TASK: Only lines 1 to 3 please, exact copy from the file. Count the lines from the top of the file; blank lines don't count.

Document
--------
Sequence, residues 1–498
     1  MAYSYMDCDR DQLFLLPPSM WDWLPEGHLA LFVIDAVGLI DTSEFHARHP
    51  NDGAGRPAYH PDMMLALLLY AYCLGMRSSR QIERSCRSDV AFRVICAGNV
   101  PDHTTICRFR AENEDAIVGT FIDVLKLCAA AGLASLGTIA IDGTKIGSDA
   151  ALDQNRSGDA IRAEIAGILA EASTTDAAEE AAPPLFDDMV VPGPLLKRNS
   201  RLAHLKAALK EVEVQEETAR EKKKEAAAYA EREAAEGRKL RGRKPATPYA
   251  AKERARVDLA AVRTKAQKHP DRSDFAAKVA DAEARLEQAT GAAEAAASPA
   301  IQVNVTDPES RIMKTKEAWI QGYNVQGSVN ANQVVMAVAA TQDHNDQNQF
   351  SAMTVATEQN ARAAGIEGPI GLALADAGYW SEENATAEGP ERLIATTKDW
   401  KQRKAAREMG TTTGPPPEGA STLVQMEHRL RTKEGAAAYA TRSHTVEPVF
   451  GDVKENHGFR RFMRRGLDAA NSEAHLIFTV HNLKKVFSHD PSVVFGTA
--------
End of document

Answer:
Sequence, residues 1–498
     1  MAYSYMDCDR DQLFLLPPSM WDWLPEGHLA LFVIDAVGLI DTSEFHARHP
    51  NDGAGRPAYH PDMMLALLLY AYCLGMRSSR QIERSCRSDV AFRVICAGNV